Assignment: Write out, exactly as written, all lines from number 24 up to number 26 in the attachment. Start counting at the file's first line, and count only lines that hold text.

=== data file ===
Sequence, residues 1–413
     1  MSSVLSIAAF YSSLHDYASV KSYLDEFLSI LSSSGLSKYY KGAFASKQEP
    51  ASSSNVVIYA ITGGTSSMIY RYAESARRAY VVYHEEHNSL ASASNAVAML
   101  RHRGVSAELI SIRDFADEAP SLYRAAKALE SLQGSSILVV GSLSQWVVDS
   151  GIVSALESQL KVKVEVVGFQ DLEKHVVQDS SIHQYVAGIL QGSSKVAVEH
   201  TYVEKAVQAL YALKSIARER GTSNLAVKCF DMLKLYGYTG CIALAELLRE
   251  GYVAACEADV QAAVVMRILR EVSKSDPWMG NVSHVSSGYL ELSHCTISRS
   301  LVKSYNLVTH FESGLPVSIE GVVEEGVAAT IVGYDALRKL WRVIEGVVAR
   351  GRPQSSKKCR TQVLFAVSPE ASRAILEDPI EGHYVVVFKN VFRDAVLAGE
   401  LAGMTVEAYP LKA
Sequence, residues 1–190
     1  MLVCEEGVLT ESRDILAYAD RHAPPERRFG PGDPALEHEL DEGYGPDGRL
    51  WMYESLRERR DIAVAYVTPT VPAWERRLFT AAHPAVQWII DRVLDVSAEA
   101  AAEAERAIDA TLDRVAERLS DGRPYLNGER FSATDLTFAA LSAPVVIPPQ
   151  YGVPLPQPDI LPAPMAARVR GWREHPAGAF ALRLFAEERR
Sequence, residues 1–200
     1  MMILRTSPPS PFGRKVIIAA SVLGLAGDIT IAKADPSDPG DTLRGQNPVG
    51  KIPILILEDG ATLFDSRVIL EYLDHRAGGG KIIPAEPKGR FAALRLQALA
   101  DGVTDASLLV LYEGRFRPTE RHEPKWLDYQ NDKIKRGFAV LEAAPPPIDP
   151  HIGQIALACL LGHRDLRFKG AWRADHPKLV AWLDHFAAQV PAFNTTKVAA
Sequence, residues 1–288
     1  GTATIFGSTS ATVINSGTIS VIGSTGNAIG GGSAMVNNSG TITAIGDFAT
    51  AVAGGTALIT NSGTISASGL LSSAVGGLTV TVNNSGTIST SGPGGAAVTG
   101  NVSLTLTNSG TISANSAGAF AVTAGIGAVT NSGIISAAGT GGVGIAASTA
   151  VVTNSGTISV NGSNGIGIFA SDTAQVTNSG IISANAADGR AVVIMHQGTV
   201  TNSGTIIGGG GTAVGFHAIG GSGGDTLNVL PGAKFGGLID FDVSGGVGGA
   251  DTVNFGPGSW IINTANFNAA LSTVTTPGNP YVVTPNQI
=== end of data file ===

   101  NVSLTLTNSG TISANSAGAF AVTAGIGAVT NSGIISAAGT GGVGIAASTA
   151  VVTNSGTISV NGSNGIGIFA SDTAQVTNSG IISANAADGR AVVIMHQGTV
   201  TNSGTIIGGG GTAVGFHAIG GSGGDTLNVL PGAKFGGLID FDVSGGVGGA